Unfortunately it seems that even though David Blunkett has gone, his ID card disaster plan has not gone with him. New Home Secretary, Charles Clarke is planning on pushing it through with cosmetic "concessions."
Mr Blunkett's resignation is a real opportunity for the government to extract itself from this fiasco before it does any real damage. That requirement within government to focus on the next headline and be seen to be "doing something" (whatever that something is) could have been deftly turned to their advantage from a PR perspective; but of course they're terrified of being seen as "soft on" crime, terrorism, immigration, benefit fraud [take your pick from these or a long list of other issues], so will probably be too scared to take the "risk."
So let's step away from the simplistic soundbites on all sides and look again (as I have done ad nauseum here, with apologies to regular readers) at the practicalities. Mr Clarke, please just ask yourself a series of logical questions:
1. What problem does your proposed "solution", in this case biometric national ID cards solve? Or to put it in security terms: what assets are you trying to protect?
A: Well the list seems to grow by the day. Mr Blunkett's favourite problems for the ID card solution were - terrorism, public service access, immigration, benefit fraud, social cohesion and citizenship. In the security context - what assets are you protecting - well, translating Mr Blunkett's problems to assets, you're trying to protect everything and everyone from every negative consequence. That's quite an undertaking. (And remember attackers only have to focus on weak spots and get lucky once)
2. What technical infrastructure does your proposed solution require?
A: (a) High tech. cards for everyone. (Just as a matter of interest, since these cards are to be embedded with biometric data, why do we need a card at all? Sure we will all be our own walking ID and we don't lose our irises or fingerprints as easily as we can lose a card.)
(b) A massive central database which contains a great deal of information on everyone registered
(c) A registration process, involving a large number of decentralised registration centres, suitably technically equipped and with a networked connections to the central database
(d) Huge numbers of robust local systems (in hospitals, local council offices, hospitals, every police officer, GP surgeries etc etc) for checking ID cards and verifying/validing via appropriate networks with the central database.
3. How well does this system (the ID card solution) solve the problems identified in question 1.?
A: Not at all.
4. How can this complex ID card "solution" fail and what other problems does it create?
A: It can fail in an untold number of ways because it is so complex and it depends on so many people having access remotely and centrally just for day to day construction and operation. The database can fail - there is not a computer scientist in the world who knows how to secure, in practice, a database as big and complex as the one required to underpin this system. It will have errors, it will become outdated; database staff will make mistakes; remote card verifiers will make mistakes; the biometric technology underpinning all of this is unreliable (despite many vendors claims to the contrary); the system will be misused accidentally and deliberately (in the latter case by a small number of so called bad actors, internal and external); people will lose their cards; people will forget to get their details changed as necessary eg change of address; the system has to "talk to" other government ID systems, which are prone to catastrophic technical failure (eg the Dept for work and pensions IT systems crash from a couple of weeks ago).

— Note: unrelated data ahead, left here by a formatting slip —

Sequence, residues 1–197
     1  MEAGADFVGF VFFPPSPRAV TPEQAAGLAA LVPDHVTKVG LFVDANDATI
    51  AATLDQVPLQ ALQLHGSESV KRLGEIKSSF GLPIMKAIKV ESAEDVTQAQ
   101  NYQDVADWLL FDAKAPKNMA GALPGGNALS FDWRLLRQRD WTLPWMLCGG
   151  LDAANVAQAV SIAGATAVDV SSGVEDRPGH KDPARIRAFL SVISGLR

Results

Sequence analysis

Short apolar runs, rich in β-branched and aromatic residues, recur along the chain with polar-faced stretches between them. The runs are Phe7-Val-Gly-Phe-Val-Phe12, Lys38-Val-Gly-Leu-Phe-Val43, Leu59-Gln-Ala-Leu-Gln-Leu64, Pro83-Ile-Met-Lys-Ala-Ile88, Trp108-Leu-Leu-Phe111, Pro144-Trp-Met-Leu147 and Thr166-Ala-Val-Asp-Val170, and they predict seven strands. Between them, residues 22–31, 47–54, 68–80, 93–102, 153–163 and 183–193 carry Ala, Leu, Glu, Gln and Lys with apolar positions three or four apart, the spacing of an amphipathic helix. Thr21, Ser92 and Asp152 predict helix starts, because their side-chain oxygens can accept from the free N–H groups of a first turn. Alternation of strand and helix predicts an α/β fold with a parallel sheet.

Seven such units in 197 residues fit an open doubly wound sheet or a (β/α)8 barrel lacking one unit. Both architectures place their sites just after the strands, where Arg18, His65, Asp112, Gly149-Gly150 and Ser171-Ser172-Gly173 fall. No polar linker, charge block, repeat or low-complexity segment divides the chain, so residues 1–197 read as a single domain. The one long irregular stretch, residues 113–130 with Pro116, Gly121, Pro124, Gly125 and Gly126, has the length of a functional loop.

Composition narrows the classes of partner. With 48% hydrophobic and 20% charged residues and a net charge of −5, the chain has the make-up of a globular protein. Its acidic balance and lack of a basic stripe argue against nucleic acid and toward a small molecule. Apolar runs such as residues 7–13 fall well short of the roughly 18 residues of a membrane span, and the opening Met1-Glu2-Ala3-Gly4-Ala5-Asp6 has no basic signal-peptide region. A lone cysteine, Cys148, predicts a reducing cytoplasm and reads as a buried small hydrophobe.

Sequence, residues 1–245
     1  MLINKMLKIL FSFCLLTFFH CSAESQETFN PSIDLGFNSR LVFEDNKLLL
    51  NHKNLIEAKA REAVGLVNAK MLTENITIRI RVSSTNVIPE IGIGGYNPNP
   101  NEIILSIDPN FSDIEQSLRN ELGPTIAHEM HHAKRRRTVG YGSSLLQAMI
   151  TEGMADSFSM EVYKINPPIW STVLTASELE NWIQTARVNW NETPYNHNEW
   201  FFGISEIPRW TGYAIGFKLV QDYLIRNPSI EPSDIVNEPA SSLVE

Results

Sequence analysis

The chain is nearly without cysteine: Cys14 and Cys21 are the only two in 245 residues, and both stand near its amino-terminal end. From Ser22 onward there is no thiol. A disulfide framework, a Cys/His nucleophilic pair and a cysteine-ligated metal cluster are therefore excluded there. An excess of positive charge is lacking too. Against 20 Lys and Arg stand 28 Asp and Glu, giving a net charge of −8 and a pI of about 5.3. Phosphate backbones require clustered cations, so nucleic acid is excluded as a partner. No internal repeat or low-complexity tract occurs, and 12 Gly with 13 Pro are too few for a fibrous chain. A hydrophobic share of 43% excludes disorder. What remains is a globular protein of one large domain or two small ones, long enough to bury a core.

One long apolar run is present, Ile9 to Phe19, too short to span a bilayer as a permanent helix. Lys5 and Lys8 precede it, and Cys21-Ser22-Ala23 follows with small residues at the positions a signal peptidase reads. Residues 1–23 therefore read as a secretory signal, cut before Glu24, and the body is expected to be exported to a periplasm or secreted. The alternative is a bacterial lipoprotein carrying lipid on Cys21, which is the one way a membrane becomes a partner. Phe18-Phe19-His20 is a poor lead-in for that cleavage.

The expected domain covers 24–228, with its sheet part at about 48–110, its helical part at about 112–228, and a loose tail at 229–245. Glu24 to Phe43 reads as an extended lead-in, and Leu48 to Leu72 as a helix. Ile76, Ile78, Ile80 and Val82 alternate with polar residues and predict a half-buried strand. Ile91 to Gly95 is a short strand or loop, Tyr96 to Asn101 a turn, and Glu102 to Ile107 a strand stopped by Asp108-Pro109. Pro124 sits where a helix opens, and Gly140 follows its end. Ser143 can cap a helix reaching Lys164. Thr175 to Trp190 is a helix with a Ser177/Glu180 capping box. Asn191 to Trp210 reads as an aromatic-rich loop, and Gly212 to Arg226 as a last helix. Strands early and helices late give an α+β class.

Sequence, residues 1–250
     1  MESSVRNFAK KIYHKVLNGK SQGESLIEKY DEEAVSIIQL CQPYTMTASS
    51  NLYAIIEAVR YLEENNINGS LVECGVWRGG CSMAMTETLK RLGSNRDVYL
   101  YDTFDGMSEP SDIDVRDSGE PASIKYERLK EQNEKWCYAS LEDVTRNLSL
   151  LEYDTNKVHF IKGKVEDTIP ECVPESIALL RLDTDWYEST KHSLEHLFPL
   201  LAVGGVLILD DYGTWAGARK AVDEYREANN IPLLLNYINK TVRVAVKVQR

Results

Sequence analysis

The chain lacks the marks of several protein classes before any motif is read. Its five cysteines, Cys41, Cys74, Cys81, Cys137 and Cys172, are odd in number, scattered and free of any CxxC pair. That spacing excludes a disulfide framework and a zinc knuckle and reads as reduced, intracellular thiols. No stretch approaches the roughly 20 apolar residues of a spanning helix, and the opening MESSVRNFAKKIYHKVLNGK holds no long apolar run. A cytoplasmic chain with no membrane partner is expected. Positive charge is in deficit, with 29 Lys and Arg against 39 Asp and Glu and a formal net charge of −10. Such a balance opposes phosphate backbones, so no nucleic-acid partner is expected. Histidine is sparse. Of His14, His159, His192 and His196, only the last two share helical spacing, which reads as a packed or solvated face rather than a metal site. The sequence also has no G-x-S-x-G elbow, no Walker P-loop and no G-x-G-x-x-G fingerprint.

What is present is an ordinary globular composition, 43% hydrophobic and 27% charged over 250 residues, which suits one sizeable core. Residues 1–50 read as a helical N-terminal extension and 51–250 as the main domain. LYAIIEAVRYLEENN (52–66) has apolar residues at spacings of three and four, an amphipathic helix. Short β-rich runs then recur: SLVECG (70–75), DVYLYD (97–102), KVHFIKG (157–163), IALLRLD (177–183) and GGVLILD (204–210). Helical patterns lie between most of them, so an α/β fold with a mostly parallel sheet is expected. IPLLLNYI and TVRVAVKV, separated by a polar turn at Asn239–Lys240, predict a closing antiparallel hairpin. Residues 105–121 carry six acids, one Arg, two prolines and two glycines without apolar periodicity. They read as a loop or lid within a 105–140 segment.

There will be a huge incentive for organised crime to engage in forging these cards (since they are allegedly the key to so many services) and they will be forged on a large scale. The database may well be used like the electoral roll to sell personal details to direct marketers. Maintenance of the system will be labour-intensive.
And that is just scatching the surface.
5. How much does it cost?
A: in pure monetary terms, not taking into account just some of the negative consequences listed above, it will cost billions of pounds.
6. Is it worth it.
A: Clearly not. If we have billions of pounds to spend on tackling terrorism, etc. it would be better spent on higher numbers of well trained police, security services, customs and immigration staff. The latter is not, however, a positive headline grabber with the Daily Mail or the Murdoch press and does not provide apparently instant results.
And just back to the list of some of the planned verification uses written into the government's draft bill: enforcing parking fines, preventing underage selling of cigarettes, alcohol, DVDs and lottery tickets, banking services (eg mortgage) applications, TV licence, benefits, driving test and car tax applications, access to public sevices eg GP or hospital, gun licence applications. How will verification for these things tackle terrorism, immigration, benefit fraud or problems of social cohesion?
Just one more time in brief, then,
1. What problem does your proposed solution (ID cards) solve?
A: Lots allegedly, all ill defined.
2. What architecture has your proposed solution got - what does it look like?
3. How well does it solve your problem(/s)?
A: Not at all.
4. How can it fail and what other problems does it create?
A: Many ways and lots of other problems.
5. How much does it cost?
6. Is it worth it?
Mr Clarke has an opportunity to step away from what will probably become New Labour's political disaster equivalent of the poll tax. I hope he takes it.